Title: Crime and community in Ciceronian Rome
Place edition: Austin (Tex.)
Editor: University of Texas Pr
Year edition: 1999
Pages: XVI, 249
Keywords: Droit - Diritto - Law, Éloquence - Eloquenza - Eloquence, Histoire - Storia - History, Politique - Politica - Politics
Bucher, "Bryn Mawr Classical Review", 2000, (10), non paginé – Steel, "Classical Review", 2001, NS, 51, (1), 114-115 – Dyck, "The Classical World", 2001-2002, 95, (1), 94-95 – McGinn, "The Classical Outlook", 1999-2000, 77, (4), 165-167 – Craig, "Journal of Roman Studies", 2002, 92, 230-231 – Wallinga, "Zeitschrift der Savigny-Stiftung für Rechtsgeschichte", 2003, 120, 298-302Description: In the late Roman Republic, acts of wrongdoing against individuals were prosecuted in private courts, while the iudicia publica (literally "public courts") tried cases that involved harm to the community as a whole. In this book, Andrew M. Riggsby thoroughly investigates the types of cases heard by the public courts to offer a provocative new understanding of what has been described as "crime" in the Roman Republic and to illuminate the inherently political nature of the Roman public courts. Through the lens of Cicero's forensic oratory, Riggsby examines the four major public offenses: ambitus (bribery of the electorate), de sicariis et veneficiis (murder), vis (riot), and repetundae (extortion by provincial administrators). He persuasively argues that each of these offenses involves a violation of the proper relations between the state and the people, as interpreted by orators and juries. He concludes that in the late Roman Republic the only crimes were political crimes.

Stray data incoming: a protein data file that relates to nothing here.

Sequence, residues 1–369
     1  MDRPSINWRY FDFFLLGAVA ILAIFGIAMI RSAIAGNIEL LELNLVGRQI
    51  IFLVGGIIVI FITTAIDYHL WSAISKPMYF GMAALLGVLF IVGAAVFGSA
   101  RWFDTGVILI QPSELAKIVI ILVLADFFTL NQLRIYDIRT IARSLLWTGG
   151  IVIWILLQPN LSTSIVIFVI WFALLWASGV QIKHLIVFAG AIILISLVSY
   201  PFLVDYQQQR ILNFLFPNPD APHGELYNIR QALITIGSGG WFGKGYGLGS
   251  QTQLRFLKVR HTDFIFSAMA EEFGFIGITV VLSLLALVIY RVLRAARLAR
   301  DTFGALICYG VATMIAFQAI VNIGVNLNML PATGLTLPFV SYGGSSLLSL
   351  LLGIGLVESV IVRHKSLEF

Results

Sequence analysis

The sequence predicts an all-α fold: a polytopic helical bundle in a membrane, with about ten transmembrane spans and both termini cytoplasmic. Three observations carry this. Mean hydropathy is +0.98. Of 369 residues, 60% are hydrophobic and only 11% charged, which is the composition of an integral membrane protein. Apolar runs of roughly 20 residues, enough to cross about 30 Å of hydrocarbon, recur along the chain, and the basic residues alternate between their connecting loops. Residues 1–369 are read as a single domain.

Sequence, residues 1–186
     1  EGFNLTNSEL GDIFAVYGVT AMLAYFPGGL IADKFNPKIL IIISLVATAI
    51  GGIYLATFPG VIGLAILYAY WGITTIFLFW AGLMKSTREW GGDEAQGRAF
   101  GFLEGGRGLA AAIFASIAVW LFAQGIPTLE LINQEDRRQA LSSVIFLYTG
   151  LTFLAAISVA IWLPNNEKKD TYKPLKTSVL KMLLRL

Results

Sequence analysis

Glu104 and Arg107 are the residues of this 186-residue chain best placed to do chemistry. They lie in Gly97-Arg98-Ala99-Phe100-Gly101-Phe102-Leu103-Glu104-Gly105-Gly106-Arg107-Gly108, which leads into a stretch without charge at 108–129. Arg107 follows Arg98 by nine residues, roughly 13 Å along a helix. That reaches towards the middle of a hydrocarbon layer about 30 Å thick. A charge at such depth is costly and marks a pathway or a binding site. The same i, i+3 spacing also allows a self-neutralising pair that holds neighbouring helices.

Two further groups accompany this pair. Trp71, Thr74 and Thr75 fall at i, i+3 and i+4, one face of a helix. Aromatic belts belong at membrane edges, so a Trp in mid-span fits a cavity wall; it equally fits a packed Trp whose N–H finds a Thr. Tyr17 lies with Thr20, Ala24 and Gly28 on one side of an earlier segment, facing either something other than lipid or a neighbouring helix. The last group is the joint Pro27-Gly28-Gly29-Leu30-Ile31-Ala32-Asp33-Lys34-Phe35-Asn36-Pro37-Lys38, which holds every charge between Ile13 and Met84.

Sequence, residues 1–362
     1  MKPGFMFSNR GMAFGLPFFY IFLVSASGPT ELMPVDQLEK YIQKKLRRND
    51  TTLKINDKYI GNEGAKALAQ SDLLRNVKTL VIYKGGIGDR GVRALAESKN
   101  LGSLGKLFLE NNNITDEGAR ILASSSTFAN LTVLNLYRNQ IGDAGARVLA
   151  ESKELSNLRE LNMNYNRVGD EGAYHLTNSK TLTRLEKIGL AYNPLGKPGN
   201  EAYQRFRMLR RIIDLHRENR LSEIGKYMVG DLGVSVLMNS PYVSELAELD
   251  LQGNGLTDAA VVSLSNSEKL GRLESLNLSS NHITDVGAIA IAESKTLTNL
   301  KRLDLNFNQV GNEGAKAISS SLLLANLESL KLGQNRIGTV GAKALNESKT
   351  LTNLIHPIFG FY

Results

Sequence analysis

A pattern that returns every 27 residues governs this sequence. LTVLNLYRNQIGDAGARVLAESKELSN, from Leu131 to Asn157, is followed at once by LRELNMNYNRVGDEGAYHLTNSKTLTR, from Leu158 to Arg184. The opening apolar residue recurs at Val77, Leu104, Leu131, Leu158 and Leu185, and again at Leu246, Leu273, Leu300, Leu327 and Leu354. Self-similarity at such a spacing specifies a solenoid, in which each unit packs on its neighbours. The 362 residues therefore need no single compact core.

Author initials: Riggsby 1999